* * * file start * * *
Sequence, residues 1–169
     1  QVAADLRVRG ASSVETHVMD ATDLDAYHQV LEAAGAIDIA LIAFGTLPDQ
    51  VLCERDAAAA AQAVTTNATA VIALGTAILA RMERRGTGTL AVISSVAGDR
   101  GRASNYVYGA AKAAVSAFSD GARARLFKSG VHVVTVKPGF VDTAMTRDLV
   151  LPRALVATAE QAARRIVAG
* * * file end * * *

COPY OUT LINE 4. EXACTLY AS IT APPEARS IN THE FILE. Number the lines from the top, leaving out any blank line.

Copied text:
   101  GRASNYVYGA AKAAVSAFSD GARARLFKSG VHVVTVKPGF VDTAMTRDLV